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SMSF trustees ‘spooked’ by large-scale advice scandals

Katarina Taurian
10 November 2014 — 1 minute read

SMSF trustees are increasingly turning away from financial advice and devising their own investment strategies, “in large part” as a result of distrust and scandals in the financial advice sector, one advocacy group has found.

Taxpayers Australia’s members, who include tax practitioners and superannuation professionals, have found that their clients are reluctant to seek financial advice, and are increasingly opting to “go it alone” with their financial decisions, Taxpayers Australia’s Reece Agland told SMSF Adviser.

Mr Agland cited the Commonwealth Bank financial planning scandal as a key contributor to trustees changing their attitudes.


In addition, some trustees have found they are being pushed into life insurance products because financial planners can still receive commissions from these products post-FOFA, Mr Agland said.

The issue is purely related to financial planners, Mr Agland said, with accountants still holding the trusted relationship with their trustee clients – in part due to the transparency of their fees.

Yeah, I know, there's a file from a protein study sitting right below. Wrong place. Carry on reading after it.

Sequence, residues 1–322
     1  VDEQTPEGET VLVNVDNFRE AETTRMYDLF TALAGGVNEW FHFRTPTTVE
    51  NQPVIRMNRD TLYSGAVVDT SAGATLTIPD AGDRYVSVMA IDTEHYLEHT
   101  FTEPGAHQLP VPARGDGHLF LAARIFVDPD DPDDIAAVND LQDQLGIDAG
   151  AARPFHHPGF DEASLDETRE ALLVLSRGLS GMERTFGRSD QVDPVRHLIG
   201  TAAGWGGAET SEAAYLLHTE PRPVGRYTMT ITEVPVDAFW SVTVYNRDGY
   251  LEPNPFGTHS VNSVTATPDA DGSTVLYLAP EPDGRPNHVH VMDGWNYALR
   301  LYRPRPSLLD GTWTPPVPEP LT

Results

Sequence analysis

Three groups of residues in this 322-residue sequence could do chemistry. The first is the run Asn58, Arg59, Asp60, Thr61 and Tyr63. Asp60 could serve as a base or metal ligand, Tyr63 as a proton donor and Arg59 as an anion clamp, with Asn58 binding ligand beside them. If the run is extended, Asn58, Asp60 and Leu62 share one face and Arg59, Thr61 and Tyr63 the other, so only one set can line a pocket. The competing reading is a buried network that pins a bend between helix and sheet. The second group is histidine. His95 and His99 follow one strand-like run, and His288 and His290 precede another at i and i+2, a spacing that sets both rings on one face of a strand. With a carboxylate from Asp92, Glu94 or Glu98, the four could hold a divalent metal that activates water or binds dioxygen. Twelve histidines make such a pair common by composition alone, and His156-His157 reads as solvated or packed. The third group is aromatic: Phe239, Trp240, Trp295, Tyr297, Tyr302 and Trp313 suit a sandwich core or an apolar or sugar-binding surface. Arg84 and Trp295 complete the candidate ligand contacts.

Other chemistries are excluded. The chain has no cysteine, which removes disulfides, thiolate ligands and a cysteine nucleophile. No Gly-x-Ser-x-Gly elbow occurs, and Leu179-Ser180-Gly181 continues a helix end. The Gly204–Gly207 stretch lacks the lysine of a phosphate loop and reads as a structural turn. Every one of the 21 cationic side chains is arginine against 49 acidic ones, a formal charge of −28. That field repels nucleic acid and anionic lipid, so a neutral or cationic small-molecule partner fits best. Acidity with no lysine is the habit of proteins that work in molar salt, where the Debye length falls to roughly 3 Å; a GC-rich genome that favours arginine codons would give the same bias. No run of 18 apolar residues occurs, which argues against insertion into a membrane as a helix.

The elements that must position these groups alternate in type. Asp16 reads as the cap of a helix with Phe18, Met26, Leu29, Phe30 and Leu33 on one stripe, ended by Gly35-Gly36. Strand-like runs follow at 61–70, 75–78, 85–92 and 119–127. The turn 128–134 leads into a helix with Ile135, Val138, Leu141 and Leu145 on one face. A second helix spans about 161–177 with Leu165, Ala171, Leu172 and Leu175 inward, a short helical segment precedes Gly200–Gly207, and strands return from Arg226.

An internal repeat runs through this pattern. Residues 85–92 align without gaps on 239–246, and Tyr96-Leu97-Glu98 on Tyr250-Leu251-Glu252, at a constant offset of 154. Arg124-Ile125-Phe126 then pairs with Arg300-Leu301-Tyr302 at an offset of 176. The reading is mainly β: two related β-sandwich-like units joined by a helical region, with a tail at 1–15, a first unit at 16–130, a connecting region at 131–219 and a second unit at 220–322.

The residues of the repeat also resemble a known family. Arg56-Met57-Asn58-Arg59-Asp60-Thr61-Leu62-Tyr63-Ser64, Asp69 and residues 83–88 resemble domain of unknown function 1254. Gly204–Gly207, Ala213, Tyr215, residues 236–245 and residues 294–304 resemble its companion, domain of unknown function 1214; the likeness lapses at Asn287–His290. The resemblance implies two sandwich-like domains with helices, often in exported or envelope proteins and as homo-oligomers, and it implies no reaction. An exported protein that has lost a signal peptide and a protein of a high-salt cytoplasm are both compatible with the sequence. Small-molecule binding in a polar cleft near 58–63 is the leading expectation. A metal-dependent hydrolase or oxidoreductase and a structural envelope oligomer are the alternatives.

“In the long term, it’s a problem. If [trustees] are just going to stick to what they know they might miss out on opportunities that a financial planner can tell them about,” Mr Agland said.

“That’s the risk, that they’ll just keep to simple products which will give decent returns but not really accelerate their super as much as they could.

“This could be to the long-term performance detriment of many SMSFs.”

Also speaking to SMSF Adviser, Quantum Financial principal Tim Mackay said SMSF trustees are specifically getting “spooked” on advice from institutions that have been implicated in recent financial advice scandals.

Quantum Financial, which is independently owned, has experienced higher demand as a result, Mr Mackay said.

“A fair few of those clients are refugees fleeing from those financial institutions that have been implicated,” Mr Mackay said.

SMSF trustees ‘spooked’ by large-scale advice scandals
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